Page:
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Toddler’s F-bomb on “Modern Family” Stirs Controversy with College Club

Jan 19, 2012

by Suada Kolovic

Toddler’s F-bomb on “Modern Family” Stirs Controversy with College Club

Bill Cosby was right: Kids really do say the darndest things. Sometimes, they’re awesomely hilarious but at other times, they’re horribly inappropriate and then there’s that awkward moment when a child first discovers profanity. (Oh, fudge.) Once this happens, fingers are generally pointed at a rowdy uncle, that unruly park down the street or the classic scapegoat…television. And while most adults accept that a child parroting naughty words is a part of the language learning process, others disagree, like the college anti-profanity crusader who asked ABC to pull this week’s “Modern Family” episode featuring a toddler using a bleeped curse word.

The child, played by Aubrey Anderson-Emmons, actually said the word “fudge” during taping but because her mouth was obscured by pixilation, viewers got the impression that her character used the actual F-word. This isn’t good enough for the founder of the No Cussing Club, though. "Our main goal is to stop this from happening," said McKay Hatch, an 18-year-old Brigham Young University student who founded the club in 2007. "If we don't, at least ABC knows that people all over the world don't want to have a two-year-old saying the `F-bomb' on TV." Hatch is insisting his 35,000 club members complain to ABC.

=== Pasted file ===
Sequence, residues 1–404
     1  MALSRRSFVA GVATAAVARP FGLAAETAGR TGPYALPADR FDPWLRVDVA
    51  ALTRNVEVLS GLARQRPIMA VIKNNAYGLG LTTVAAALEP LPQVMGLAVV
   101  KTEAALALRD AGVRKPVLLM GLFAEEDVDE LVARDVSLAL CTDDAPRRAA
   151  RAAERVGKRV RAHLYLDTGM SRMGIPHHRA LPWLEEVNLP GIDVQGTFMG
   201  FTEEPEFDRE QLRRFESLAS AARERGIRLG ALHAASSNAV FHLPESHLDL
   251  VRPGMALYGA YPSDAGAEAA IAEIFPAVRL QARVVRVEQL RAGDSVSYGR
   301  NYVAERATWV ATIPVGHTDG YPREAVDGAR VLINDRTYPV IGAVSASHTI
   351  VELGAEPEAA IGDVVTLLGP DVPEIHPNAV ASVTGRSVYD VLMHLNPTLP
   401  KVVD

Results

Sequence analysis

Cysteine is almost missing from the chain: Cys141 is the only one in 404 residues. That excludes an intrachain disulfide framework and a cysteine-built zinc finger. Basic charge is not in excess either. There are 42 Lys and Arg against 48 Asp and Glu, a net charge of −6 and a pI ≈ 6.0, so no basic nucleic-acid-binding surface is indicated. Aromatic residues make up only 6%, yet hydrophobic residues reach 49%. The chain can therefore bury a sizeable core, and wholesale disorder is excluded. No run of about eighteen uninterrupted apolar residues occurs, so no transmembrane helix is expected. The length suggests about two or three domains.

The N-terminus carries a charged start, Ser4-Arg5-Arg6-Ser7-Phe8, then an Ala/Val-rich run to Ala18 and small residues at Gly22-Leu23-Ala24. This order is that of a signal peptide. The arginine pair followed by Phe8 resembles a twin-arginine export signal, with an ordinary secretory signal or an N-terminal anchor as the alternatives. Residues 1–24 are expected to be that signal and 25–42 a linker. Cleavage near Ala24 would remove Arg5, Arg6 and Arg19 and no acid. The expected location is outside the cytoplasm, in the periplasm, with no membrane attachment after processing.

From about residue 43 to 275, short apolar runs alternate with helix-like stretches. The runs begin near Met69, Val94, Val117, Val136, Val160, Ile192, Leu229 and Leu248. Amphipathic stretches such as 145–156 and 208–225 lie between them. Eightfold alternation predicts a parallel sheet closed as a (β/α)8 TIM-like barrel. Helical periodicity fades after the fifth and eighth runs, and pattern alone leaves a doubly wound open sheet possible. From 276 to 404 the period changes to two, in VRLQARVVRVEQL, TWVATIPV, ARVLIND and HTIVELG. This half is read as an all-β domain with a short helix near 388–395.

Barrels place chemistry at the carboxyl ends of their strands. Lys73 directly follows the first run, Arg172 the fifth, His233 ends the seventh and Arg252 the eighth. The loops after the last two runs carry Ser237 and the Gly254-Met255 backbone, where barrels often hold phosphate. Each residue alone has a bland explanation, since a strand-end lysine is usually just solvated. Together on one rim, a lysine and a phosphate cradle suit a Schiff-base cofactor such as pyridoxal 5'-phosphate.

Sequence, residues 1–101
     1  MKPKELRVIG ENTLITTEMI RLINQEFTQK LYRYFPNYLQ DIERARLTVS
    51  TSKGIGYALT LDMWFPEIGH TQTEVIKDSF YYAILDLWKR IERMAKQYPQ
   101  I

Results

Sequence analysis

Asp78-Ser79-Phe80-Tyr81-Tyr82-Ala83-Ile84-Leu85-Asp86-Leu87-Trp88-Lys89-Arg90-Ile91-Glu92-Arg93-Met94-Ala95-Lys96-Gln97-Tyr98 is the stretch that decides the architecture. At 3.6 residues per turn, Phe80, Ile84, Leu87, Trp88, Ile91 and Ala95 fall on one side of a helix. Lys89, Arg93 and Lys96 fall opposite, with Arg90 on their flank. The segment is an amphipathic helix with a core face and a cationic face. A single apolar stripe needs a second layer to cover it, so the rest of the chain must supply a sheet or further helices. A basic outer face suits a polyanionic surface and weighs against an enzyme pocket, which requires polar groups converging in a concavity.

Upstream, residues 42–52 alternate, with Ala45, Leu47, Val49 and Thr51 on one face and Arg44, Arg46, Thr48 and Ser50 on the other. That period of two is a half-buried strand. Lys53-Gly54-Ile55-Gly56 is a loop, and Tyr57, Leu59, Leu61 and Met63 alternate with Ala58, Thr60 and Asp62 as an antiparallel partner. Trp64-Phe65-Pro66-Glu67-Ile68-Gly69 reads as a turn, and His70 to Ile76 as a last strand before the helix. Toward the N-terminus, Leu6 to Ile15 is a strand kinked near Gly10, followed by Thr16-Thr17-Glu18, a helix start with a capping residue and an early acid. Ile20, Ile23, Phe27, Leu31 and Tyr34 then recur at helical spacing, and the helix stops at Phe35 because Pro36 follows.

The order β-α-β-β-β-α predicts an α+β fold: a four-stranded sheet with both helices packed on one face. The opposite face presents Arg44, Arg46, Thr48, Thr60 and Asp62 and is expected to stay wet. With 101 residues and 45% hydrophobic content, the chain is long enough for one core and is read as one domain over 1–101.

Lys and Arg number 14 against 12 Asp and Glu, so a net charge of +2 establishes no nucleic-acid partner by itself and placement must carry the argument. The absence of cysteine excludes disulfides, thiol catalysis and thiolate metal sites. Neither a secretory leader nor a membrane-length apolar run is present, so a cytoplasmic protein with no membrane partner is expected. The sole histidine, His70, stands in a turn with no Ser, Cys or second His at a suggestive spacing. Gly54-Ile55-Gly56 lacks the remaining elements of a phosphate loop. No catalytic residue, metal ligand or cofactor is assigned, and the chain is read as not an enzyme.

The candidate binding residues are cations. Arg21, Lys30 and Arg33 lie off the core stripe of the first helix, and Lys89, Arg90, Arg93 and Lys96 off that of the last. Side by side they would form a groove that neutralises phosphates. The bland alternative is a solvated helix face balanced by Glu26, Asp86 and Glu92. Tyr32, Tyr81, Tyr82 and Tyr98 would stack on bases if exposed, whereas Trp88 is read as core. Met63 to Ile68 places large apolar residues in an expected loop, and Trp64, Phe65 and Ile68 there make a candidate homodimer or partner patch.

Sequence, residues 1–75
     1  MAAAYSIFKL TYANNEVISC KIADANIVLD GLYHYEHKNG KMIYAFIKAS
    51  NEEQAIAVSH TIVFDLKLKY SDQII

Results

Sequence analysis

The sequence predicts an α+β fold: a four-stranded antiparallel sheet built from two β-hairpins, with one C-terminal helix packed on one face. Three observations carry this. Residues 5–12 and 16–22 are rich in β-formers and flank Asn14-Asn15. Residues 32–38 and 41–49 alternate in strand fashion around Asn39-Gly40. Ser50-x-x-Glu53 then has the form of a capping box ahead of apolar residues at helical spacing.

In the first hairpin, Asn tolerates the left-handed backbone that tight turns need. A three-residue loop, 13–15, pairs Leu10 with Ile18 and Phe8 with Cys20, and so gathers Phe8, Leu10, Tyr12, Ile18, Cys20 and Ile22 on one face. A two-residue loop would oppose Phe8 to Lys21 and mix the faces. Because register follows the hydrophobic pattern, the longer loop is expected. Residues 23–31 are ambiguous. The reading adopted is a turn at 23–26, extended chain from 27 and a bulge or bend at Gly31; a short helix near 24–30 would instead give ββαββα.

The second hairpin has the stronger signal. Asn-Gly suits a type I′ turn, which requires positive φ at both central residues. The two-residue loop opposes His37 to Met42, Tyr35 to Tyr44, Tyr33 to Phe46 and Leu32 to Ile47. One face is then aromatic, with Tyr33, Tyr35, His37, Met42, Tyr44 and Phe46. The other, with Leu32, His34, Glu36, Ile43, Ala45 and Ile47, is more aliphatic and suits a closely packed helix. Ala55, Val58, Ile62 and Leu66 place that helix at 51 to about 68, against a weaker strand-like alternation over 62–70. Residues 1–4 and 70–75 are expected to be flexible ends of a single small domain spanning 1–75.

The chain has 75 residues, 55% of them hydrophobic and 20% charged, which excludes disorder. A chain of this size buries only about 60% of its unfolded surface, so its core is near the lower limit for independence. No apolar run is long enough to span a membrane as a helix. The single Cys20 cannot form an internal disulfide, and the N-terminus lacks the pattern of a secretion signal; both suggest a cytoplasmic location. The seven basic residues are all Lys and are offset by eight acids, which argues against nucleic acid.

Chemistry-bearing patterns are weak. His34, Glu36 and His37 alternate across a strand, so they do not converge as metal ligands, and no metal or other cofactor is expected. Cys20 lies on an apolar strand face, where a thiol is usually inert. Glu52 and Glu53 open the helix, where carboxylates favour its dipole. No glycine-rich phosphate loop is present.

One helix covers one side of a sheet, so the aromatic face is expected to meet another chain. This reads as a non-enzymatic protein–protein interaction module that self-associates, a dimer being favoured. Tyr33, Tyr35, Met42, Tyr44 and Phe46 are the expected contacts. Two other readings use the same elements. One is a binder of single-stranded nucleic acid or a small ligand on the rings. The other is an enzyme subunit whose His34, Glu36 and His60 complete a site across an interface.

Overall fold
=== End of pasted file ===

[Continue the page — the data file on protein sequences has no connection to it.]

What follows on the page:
Meanwhile Steven Levitan, creator and executive producer of the sitcom with Christopher Lloyd, told the Television Critics Association last week that he’s “proud and excited” about the F-word plotline. "We thought it was a very natural story since, as parents, we've all been through this," Levitan said to EW.com, but added, "I'm sure we'll have some detractors."

Do you think having a two-year-old swear like a sailor is a bit much for network television or is the No Cussing Club overreacting to what’s really nothing more than the implication of a cuss word? Let us know where you stand in the comments section.

And don't forget, you should pay for your college education with as much free money as possible! Find as many scholarships and grants as you can before turning to student loans. Visit the Scholarships.com free college scholarship search today where you'll get matched with countless scholarships and grants for which you qualify, then apply and win! It’s that easy!

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